ACLS Awards Seven Digital Innovation Fellowships


In its tenth annual competition for the ACLS Digital Innovation Fellowships, the American Council of Learned Societies has made seven awards to a diverse cohort of scholars pursuing groundbreaking digital scholarship. Selected from a highly competitive field of applicants, the awardees will dedicate a year to projects that further the digital transformation of humanistic research. The program is generously funded by The Andrew W. Mellon Foundation.

"ACLS’s Digital Innovation Fellowships support scholars employing sophisticated computational methods to open new and promising avenues of inquiry into complex humanistic problems," said John Paul Christy, director of Public Programs at ACLS. "And this year’s lineup of awardees shows just how vibrant and diverse this work can be. The 2015 fellows will pioneer new techniques in textual analysis and sound studies, trace the far-flung lives of texts as they cross linguistic and national boundaries, and bring long underrepresented voices into the digital scholarly domain."

Applications for the fellowship are subjected to demanding peer review by an interdisciplinary panel of scholars with broad expertise in digital scholarship. Among the supported projects are a study of readers of Jane Austen that uses neurological data to broaden understandings of literary cognition; a suite of tools to help scholars illuminate the intertextual networks linking classical Greek and Roman texts; an exploration of the kinds of knowledge about sound, musical expression, and the body that can be gained from mis-tuning musical instruments; and a new series of born-digital scholarly publications designed to spark new inquiry into the rich history of nineteenth- and twentieth-century African American newspapers.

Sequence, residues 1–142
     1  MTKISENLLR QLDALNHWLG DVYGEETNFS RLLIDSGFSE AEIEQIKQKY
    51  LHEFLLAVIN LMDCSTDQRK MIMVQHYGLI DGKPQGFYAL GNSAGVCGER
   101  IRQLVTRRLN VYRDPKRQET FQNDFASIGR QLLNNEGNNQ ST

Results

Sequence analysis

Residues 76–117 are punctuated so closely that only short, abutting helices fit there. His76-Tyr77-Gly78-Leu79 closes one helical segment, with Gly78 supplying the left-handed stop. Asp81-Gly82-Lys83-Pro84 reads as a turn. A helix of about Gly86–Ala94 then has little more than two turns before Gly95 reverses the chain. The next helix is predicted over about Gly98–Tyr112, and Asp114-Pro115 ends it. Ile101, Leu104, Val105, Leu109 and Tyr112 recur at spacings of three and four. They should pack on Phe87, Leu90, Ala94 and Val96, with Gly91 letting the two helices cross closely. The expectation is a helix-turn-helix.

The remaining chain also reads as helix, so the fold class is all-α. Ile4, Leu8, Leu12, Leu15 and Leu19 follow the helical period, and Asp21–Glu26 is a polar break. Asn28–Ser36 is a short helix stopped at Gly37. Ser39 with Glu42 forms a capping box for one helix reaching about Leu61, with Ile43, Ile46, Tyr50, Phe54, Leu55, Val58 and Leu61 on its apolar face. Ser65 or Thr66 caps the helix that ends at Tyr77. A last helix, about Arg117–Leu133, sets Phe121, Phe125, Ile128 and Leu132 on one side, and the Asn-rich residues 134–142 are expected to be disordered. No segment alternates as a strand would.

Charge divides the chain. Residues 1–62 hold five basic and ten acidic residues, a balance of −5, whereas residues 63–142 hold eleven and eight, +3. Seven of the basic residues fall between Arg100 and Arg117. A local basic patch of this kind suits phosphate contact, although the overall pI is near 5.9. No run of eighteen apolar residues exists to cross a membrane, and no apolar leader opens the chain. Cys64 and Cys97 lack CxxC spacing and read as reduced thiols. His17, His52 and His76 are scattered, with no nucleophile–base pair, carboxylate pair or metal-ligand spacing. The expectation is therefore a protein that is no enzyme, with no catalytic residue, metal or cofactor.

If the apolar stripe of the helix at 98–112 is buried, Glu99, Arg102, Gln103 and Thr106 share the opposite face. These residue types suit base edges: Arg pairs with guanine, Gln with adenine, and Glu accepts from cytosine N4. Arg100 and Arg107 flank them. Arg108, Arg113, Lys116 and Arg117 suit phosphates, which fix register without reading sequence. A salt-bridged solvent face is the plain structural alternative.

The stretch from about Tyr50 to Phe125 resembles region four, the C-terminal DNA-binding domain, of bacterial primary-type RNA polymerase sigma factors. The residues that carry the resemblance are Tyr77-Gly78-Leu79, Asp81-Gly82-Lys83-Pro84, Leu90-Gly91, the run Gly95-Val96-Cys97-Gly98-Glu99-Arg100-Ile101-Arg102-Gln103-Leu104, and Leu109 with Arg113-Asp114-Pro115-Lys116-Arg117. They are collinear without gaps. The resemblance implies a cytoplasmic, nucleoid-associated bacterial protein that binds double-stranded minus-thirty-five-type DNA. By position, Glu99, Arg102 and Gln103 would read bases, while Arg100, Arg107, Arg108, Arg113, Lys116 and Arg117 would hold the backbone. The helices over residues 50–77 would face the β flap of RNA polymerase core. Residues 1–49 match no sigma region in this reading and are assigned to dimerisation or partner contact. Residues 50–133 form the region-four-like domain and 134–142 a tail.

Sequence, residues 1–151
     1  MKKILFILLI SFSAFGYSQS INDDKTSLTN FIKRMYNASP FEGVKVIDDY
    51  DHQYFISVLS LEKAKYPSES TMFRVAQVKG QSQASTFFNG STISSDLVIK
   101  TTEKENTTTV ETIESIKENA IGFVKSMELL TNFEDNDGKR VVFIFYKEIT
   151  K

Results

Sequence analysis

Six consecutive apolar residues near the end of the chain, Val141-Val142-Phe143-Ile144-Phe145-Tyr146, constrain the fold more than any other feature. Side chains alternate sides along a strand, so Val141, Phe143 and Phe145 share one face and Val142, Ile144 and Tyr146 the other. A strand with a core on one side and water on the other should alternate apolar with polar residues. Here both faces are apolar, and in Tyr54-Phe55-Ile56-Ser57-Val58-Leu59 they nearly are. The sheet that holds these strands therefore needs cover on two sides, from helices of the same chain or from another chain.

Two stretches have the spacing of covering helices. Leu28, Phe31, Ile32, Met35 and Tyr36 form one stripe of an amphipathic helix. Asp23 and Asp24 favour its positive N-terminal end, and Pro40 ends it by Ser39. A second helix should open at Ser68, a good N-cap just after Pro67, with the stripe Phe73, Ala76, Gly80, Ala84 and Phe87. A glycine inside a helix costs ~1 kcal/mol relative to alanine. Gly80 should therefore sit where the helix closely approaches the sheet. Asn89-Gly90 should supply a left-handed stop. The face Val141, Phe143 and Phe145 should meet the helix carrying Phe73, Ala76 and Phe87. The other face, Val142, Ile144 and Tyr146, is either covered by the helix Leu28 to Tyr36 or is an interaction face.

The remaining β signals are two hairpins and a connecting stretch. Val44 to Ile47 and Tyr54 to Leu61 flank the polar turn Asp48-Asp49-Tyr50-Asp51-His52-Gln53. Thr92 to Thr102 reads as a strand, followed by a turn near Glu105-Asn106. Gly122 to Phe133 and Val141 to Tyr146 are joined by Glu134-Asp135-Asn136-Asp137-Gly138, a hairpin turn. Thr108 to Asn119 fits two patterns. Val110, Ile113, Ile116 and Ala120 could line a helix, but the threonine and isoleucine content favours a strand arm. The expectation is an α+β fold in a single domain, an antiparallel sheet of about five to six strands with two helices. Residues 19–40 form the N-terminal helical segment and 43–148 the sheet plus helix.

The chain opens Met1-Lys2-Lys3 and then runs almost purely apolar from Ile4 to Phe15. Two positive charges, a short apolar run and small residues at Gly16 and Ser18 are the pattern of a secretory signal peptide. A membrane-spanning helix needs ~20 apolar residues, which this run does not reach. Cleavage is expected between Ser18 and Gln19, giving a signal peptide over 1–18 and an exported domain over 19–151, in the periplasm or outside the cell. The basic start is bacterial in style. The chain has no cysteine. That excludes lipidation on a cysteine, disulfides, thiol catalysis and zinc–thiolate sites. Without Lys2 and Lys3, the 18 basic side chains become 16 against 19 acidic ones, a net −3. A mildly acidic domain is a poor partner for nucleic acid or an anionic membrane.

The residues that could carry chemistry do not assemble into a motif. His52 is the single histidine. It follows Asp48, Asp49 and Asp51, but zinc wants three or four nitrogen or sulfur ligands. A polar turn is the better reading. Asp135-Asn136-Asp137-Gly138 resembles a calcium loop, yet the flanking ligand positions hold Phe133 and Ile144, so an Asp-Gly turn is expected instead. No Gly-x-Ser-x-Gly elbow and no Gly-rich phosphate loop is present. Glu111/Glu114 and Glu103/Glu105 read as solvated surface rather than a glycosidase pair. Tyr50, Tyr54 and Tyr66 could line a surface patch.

The 2015 ACLS Digital Innovation Fellows and project titles:

  • Pramit Chaudhuri (Associate Professor of Classics, Dartmouth College) Computational Analysis of Intertextuality in Classical Literature
  • Ryan Cordell (Assistant Professor of English, Northeastern University) Global Viral Texts: Mapping the Circulation of Nineteenth-Century Newspaper Literature across Oceans and Languages
  • Kim Gallon (Assistant Professor of History, Purdue University, West Lafayette) The Black Press Born-Digital Project
  • Marit MacArthur (Associate Professor of English, California State University, Bakersfield) Poetry Performance and Pitch Tracking: Tools for Sound Studies
  • Natalie Phillips (Assistant Professor of English, Michigan State University)
  • Daniel Smail (Professor of History, Harvard University) The Documentary Archaeology of Late Medieval Europe
  • Daniel Trueman (Professor of Music, Princeton University) Scordatura: On Re-Mapping (and Mapping)the Body to Sound

More information on this year's seven funded projects is available here.